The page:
Iraq, the lone OPEC member not beholden to the cartel's production quota system, does not need a new Iraqi National Oil Company to manage the country's energy sector, Oil Minister Abdul-Kareem Luaibi said on Sunday while addressing the Iraqi parliament's energy and oil committee.
State-run oil companies are typically the largest producers in many countries throughout the non-Western world, including OPEC nations and South American countries such as Brazil and Colombia. Iraq approved a new state-run oil enterprise in 2009, but the legislation has stalled.
The original Iraqi National Oil Company was formed in the 1960s and then merged into the country's oil ministry in 1987, according to Reuters. Luaibi believes having two organization managing Iraq's oil business would lead to confusion and hamper the country's aspiration of significantly boosting production over the next decade.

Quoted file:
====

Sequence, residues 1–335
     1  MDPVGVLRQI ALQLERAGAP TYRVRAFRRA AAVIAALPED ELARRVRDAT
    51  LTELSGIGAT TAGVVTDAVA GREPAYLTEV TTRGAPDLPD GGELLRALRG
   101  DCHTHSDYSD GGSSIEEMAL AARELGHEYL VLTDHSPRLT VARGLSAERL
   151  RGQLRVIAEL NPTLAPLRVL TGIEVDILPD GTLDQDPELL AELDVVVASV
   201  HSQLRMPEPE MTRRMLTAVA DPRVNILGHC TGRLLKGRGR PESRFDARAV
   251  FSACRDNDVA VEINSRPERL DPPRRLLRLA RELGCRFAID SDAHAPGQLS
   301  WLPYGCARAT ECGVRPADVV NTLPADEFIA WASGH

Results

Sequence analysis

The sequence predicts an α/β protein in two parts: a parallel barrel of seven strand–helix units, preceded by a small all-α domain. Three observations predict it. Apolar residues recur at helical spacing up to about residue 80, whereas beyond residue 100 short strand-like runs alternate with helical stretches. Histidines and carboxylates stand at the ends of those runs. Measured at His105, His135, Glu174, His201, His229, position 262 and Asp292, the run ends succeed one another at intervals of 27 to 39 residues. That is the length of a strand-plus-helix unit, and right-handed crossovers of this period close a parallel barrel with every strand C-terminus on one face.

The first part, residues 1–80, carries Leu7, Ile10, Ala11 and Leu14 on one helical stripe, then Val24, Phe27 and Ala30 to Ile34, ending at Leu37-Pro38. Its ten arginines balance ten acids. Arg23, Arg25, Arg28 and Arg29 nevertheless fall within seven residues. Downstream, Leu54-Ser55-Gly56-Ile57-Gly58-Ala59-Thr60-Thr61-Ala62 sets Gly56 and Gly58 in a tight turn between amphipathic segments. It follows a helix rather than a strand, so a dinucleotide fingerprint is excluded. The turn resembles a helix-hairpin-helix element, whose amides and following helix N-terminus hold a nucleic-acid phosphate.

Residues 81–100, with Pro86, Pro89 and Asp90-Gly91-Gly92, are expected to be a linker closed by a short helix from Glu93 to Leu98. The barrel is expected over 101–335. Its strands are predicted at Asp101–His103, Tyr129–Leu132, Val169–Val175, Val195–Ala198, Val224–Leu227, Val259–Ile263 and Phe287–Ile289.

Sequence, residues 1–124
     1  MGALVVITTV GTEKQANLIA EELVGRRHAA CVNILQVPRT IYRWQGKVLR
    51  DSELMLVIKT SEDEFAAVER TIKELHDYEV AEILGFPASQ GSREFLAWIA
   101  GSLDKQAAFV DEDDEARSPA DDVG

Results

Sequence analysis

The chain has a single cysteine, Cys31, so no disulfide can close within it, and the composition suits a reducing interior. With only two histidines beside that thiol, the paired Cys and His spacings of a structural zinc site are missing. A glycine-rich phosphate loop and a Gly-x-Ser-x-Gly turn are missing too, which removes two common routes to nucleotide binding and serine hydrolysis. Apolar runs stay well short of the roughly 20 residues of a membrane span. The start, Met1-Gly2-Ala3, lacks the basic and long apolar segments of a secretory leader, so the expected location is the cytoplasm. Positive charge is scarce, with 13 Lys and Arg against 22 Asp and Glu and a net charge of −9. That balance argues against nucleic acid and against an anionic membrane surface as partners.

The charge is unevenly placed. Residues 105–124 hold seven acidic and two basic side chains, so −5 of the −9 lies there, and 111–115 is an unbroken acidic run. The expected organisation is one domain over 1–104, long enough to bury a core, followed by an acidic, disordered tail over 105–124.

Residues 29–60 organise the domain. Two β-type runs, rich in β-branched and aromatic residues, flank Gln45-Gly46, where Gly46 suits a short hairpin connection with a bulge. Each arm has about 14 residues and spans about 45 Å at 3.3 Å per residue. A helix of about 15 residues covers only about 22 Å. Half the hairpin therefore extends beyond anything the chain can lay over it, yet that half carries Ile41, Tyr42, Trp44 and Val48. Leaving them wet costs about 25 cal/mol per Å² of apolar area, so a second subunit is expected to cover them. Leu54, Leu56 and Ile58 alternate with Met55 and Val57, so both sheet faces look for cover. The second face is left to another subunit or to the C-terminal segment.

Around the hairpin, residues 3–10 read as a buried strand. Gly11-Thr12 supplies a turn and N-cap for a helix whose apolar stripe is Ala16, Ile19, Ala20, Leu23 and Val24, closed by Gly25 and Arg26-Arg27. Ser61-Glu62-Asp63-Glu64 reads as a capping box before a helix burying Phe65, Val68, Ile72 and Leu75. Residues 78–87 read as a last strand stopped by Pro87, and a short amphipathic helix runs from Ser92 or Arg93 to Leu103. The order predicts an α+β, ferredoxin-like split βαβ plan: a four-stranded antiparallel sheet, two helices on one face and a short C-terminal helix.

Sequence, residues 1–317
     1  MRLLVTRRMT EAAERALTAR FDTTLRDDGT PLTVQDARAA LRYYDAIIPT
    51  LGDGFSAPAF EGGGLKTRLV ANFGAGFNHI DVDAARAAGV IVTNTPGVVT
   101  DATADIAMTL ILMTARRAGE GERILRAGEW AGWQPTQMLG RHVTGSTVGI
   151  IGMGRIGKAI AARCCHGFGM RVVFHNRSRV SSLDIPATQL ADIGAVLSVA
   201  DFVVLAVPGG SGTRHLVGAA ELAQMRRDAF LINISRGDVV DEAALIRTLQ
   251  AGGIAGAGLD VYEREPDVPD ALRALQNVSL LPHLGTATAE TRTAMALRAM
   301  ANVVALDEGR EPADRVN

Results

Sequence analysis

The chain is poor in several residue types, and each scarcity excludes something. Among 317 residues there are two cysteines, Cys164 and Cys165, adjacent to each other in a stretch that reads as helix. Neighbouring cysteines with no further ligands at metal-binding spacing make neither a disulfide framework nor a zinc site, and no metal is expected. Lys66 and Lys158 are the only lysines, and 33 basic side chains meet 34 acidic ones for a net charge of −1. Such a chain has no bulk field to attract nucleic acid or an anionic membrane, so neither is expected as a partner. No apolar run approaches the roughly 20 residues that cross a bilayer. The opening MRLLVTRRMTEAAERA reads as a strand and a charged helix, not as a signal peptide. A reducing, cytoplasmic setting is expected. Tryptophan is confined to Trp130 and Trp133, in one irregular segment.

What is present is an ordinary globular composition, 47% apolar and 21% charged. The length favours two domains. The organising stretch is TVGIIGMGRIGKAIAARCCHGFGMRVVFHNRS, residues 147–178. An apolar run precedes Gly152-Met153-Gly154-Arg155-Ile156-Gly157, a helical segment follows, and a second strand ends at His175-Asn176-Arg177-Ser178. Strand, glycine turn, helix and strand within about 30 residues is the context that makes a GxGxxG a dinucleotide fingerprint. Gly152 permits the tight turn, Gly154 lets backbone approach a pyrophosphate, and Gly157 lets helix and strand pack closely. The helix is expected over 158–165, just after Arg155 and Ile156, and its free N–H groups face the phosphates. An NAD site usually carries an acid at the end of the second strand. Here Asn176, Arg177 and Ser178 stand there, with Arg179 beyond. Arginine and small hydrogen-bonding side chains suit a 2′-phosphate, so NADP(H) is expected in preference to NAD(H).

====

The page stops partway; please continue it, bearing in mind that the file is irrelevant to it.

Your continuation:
Critic's within Iraq's cabinet contend that the country needs a national oil company to enhance development and believe that a national oil company can function along side the country's oil ministry, which would be left to set energy policy for Iraq.